Sexual Assault Kit Task Force: A National Model
Prosecutors discuss challenges and best practices during a breakout session at the 2014 Sexual Assault Kit Summit in Cleveland.
Forensic scientists discuss sexual assault kit testing during a breakout session at the 2014 Sexual Assault Kit Summit in Cleveland.
2015, when the State of Kentucky was faced with a backlog of some 3,100 untested Sexual Assault Kits, Adam Edelen, the Commonwealth’s Auditor of Public Accounts, was asked to recommend how best to proceed with testing and follow-up. His team look at how jurisdictions around the country were handling their backlogs and their report included this case study:
"Cuyahoga County, Ohio, which encompasses the City of Cleveland, has become a national model for tackling untested sexual assault kits. It has tested 3,827 kits and hopes to finish testing the remaining 1,000 untested kits in the fall of 2015, according to the Special Investigations Chief (Chief) at the Cuyahoga County Prosecutor’s Office.
The impetus for reform was a gruesome case in which five women went missing after police failed to test a sexual assault kit that matched the killer’s DNA. Their bodies were eventually found at the home of a serial killer in 2009, in addition to the bodies of six other women. The Chief told auditors that after this case, it was found that police were closing many sexual assault cases when victims, who were often addicts, prostitutes or homeless, didn’t show up for police interviews. In response to the public scrutiny, the Ohio Attorney General ordered all kits from 1993-2009, test or untested, to be “fork lifted” from the police department to the Attorney General’s forensic laboratory.
To clear the backlog, the Attorney General invested $5 million to purchase equipment and hire and train 28 new forensic laboratory analysts. Since beginning the testing in 2011, 319 individuals have been indicted and 82 have been convicted. Ninety-one percent of the defendants identified, or 230 defendants, are serial rapists. Most of those defendants assaulted at least two victims, while three assaulted a dozen or more victims. The Attorney General expects that 60 percent of all the kits submitted would result in a DNA profile that should be investigated."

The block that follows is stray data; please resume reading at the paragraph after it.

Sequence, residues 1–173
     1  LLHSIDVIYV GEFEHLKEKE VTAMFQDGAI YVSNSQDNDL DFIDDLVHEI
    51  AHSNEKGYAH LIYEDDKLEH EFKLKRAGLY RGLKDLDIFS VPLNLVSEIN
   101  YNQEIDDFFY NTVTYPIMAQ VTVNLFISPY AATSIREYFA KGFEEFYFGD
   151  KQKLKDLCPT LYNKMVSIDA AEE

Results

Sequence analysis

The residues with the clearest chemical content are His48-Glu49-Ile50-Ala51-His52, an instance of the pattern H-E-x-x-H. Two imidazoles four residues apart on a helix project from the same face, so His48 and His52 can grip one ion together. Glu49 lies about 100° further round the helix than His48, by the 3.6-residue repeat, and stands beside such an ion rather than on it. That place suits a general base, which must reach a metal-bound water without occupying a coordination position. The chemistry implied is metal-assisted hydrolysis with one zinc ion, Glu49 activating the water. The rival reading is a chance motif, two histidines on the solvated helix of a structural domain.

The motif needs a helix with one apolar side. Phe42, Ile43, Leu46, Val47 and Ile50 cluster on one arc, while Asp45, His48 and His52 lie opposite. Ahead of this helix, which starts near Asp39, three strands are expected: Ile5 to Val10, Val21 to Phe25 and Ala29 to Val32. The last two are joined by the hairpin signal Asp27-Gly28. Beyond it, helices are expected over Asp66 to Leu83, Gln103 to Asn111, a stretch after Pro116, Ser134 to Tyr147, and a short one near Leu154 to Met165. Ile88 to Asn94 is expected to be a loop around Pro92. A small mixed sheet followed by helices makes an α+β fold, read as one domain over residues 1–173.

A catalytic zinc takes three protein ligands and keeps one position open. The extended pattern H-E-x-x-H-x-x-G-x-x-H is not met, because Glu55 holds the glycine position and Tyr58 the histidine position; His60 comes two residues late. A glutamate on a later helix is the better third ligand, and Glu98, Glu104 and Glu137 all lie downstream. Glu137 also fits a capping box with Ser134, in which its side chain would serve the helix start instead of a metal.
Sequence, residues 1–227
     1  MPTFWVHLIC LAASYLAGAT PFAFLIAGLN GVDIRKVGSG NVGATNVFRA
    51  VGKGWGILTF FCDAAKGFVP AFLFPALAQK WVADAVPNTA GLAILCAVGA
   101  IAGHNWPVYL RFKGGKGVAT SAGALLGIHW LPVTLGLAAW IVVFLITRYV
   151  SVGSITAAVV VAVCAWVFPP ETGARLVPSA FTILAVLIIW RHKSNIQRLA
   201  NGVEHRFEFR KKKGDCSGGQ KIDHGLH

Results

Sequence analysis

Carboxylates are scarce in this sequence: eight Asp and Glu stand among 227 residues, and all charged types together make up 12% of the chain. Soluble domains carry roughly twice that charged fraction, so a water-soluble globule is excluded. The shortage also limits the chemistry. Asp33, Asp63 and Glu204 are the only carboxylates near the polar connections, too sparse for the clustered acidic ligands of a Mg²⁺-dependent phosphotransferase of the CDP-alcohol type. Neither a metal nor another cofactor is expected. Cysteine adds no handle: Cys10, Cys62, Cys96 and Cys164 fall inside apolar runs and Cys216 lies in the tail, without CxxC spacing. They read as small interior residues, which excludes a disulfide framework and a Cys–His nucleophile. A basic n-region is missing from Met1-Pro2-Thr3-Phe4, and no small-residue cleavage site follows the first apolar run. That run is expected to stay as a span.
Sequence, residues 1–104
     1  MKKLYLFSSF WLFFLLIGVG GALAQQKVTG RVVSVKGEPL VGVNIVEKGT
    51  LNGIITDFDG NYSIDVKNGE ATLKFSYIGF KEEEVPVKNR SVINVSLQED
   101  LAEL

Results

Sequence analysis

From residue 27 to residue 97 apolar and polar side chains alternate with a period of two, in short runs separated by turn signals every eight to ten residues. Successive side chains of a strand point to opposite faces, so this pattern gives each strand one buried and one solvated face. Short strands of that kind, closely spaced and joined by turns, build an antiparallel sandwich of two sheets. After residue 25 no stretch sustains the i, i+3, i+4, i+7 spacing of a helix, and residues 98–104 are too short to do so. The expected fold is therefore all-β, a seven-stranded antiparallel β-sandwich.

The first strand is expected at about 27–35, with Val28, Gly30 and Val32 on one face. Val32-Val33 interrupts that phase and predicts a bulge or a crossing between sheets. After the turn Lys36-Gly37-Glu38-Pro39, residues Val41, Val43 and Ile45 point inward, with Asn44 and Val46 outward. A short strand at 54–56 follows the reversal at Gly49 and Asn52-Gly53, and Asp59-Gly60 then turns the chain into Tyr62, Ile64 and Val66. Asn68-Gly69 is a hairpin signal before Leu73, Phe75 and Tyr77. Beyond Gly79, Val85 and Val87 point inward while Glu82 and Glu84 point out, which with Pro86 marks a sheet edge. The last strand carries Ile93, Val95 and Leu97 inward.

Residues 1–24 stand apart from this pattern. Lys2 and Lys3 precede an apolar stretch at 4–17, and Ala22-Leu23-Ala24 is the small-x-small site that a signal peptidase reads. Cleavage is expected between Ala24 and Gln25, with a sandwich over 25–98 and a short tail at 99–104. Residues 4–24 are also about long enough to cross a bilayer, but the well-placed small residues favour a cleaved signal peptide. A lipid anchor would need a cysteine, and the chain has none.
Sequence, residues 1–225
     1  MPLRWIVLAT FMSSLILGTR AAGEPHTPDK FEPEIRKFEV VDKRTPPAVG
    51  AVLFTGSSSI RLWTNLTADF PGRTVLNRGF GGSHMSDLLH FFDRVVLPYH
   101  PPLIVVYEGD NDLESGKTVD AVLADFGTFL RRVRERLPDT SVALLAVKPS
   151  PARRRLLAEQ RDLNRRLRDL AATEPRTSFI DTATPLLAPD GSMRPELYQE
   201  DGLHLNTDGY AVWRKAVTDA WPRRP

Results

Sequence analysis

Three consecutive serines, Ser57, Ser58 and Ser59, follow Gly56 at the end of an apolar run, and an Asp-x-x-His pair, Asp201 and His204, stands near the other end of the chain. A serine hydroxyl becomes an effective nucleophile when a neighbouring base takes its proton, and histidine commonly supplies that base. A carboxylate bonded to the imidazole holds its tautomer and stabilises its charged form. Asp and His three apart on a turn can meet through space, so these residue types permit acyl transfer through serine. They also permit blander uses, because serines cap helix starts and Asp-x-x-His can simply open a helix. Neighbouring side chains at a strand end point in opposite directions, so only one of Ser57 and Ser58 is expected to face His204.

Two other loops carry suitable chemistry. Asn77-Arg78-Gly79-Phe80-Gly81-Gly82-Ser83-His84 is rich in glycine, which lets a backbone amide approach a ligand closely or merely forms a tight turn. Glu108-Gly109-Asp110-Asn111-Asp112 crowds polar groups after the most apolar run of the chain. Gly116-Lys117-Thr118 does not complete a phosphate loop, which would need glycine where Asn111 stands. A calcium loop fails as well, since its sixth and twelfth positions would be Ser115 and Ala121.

Mining data to improve future rape investigations and prosecutions
Besides bringing justice to long-ignored victims and taking scores of violent offenders off the streets, the work of the Cuyahoga County Sexual Assault Kit Task Force is also helping to change how law enforcement agencies and the academic community view and prosecute rape.
That’s because the Task Force has partnered with researchers from the Begun Center for Violence Prevention Research and Education at Case Western Reserve University’s Jack, Joseph and Morton Mandel School of Applied Social Sciences, and has given unprecedented access to information on hundreds of sexual assaults committed between 1993 and 2010.
Already the research team has discovered that serial rapists are far more common than previous research suggested—a finding that could change how sexual assaults, including so-called acquaintance rapes, are investigated. They are also learning more about how rapists operate and their victims.
“By working together, we can help change the way sexual assaults are investigated and how the system and society view sexual assaults, victims, and offenders,” said Daniel J. Flannery, the Dr. Semi J. and Ruth W. Begun Professor at the Mandel School, director of the Begun Center, and co-lead researcher of the Cuyahoga County Sexual Assault Kit Pilot Research Project.
“We have an historical opportunity and obligation to make a difference,” he said.
“These rape kits have been the greatest gold mine of information and leads for law enforcement that I have seen in my four-decade career,” said Cuyahoga County Prosecutor Timothy J. McGinty. “We are going to end up prosecuting a thousand criminals, and that will make our county significantly safer. But we also want to learn from mistakes that created our this backlog and never allow them to be repeated.”
Here are links to CWRU's research briefs:
Overview of the SAK project
Serial vs. single-incident offenders
Cost Savings and Cost Effectiveness
What Happened with the Sexual Assaults Reports? Then Vs. Now
For media inquiries regarding the Task Force, please contact our communications department.
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